What is at stake there can scarcely be exaggerated. In September 1997 the New York Times observed, 'Forget mutual funds, commodity futures and corporate mergers. Forget South African diamonds, European currencies and Thai stocks. The most concentrated mass of untapped wealth known to exist anywhere is in the oil and gas fields beneath the Caspian Sea and lands around it... The strategic implications of this bonanza hypnotise Western security planners as completely as the finances transfix oil executives.' No accident, then, that in April 1999, at Nato's Washington summit, Azerbaijan, Georgia, Moldova, Ukraine and Uzbekistan formed an alliance which the Financial Times noted would 'develop the area's rich oil and gas deposits to the exclusion of Russia'.
When in June 1999 Socialist Review first explored the possibility of a link between the bombardment of Yugoslavia and a trans-Balkan pipeline in an article by John Rees entitled 'Nato and the New Imperialism', the general reaction from supporters of the war was one of ridicule. Writing in the Guardian, Jonathan Freedland was contemptuously dismissive: 'It's all about oil, says the SWP. Point out that there's no oil in Kosovo, and the comrades...will chorus that, oh yes, America's real object is "the oil in the Caspian Sea". Never mind that that's half a continent away, lodged between Iran and Turkmenistan.'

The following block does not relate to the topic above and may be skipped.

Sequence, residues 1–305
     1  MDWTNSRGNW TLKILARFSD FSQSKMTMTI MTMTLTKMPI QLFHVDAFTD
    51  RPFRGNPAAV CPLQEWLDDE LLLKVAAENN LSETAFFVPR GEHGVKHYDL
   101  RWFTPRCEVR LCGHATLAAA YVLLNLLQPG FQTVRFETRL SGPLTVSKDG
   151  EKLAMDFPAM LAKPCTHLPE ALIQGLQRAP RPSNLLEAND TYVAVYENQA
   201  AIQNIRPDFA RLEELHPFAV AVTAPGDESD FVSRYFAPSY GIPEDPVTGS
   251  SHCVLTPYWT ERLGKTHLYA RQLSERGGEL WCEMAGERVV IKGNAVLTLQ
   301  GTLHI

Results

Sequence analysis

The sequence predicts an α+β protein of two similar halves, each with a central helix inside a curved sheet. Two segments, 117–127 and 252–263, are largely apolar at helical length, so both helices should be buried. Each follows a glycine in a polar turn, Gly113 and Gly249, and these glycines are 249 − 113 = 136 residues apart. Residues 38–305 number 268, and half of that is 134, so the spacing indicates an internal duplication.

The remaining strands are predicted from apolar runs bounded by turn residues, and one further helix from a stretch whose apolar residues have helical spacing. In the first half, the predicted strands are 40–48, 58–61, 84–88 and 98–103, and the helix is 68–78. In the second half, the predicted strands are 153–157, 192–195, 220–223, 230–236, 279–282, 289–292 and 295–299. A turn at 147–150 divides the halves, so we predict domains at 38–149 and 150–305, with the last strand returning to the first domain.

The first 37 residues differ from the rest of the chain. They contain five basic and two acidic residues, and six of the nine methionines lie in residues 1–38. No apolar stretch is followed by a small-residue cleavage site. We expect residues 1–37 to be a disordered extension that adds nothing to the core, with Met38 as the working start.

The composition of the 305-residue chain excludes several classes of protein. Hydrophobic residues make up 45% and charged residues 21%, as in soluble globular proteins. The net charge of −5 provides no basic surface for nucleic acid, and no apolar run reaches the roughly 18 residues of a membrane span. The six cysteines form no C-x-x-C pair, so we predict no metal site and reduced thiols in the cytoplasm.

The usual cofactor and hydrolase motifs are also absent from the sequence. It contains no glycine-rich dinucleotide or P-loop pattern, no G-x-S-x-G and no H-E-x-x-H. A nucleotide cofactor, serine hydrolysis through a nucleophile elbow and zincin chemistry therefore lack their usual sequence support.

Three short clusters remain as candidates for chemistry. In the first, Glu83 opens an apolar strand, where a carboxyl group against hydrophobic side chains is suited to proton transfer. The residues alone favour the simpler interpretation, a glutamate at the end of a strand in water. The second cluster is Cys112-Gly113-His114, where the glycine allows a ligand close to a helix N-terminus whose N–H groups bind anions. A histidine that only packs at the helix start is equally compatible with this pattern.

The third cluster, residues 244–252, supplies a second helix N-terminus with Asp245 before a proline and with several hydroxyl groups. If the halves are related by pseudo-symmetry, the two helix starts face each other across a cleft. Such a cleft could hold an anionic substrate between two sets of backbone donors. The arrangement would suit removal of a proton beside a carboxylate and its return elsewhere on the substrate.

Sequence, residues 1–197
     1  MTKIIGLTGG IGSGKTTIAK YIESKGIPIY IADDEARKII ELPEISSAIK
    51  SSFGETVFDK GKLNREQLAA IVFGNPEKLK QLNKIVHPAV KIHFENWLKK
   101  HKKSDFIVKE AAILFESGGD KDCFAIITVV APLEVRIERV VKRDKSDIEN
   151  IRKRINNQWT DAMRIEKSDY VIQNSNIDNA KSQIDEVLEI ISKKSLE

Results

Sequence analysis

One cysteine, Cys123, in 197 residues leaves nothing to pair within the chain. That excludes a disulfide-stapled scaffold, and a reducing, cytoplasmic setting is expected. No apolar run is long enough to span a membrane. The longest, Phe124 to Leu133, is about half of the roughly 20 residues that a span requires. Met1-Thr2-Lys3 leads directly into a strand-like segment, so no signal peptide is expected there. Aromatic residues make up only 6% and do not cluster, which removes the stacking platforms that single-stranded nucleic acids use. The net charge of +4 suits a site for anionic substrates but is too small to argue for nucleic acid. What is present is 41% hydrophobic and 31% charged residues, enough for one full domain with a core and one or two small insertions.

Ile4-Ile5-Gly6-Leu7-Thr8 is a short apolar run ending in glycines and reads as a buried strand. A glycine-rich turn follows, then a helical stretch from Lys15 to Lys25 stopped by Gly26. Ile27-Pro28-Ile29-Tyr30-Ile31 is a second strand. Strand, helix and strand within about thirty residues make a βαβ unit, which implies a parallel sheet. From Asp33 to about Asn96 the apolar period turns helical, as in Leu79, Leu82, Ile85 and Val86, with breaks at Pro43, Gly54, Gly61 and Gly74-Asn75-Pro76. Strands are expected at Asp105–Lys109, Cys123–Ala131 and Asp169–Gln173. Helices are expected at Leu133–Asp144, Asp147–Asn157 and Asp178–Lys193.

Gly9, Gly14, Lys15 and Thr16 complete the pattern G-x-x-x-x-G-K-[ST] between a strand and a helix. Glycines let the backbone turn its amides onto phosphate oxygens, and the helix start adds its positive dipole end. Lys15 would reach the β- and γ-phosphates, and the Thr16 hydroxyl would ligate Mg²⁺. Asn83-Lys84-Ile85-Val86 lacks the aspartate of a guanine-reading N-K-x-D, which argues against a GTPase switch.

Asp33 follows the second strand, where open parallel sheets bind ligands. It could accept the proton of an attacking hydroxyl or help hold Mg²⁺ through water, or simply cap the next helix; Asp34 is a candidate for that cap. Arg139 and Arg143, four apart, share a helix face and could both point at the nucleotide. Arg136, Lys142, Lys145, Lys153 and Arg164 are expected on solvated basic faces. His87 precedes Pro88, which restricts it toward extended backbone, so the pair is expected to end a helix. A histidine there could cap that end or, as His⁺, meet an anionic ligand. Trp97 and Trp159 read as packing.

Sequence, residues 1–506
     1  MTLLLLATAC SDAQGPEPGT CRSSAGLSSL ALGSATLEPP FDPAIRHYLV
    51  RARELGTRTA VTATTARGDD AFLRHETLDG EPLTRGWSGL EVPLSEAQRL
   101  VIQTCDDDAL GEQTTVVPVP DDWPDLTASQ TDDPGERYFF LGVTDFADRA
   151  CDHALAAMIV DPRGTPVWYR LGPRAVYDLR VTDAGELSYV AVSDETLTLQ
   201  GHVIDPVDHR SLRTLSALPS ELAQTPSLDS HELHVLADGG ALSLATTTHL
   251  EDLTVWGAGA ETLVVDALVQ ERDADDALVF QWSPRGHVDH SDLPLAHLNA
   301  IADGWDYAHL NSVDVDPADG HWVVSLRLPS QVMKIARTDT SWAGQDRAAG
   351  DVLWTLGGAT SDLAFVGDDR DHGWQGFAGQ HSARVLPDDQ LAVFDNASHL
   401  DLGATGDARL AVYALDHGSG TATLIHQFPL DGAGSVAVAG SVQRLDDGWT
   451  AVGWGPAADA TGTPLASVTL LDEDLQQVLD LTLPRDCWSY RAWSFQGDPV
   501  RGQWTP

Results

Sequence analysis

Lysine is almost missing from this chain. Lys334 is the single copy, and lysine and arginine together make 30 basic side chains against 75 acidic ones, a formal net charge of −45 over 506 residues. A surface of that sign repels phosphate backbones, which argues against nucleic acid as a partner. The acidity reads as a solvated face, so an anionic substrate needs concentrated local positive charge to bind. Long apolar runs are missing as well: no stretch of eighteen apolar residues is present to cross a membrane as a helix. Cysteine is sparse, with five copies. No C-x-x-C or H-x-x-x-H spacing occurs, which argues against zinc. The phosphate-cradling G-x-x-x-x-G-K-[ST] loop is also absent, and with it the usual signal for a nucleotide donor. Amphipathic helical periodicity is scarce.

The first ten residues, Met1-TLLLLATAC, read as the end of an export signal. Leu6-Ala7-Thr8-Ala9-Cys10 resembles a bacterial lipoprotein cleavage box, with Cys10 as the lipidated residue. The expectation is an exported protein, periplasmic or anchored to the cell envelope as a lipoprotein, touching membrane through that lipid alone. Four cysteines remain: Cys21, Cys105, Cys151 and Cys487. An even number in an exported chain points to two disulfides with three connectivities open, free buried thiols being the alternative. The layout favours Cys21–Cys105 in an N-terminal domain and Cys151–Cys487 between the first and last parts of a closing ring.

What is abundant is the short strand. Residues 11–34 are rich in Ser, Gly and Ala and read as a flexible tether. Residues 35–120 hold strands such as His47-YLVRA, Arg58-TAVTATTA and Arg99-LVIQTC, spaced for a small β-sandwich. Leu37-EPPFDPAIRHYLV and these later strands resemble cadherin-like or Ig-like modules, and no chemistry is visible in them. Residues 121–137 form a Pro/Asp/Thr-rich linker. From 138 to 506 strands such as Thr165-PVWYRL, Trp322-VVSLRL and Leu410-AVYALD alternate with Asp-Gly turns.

|If a Greater Albania is to be achieved it will inevitably
mean further wars
And yet, on 2 June 1999, the very day that Freedland's article appeared in the Guardian, the US Trade and Development Agency (TDA), 'an independent federal agency that assists in the creation of jobs for Americans by helping US companies pursue overseas investment opportunities', announced that it was awarding Bulgaria $588,000 to partially fund a feasibility study on a trans-Balkan pipeline which would cross Bulgaria, Macedonia and Albania. TDA director J Joseph Grandmaison stated, 'The competition is fierce to tap energy resources in the Caspian region... This grant represents a significant step forward...for US business interests in the Caspian region.' At an estimated cost of $1 billion, a trans-Balkan link would be three times cheaper than an alternative pipeline via Turkey. In Sofia that day the US ambassador to Bulgaria, Avis Bohlen, sat down with the Bulgarian deputy prime minister, Evgeni Bakardjiev, to sign the grant agreement in a special ceremony. The very next day, 3 June 1999, the Yugoslav government sued for peace.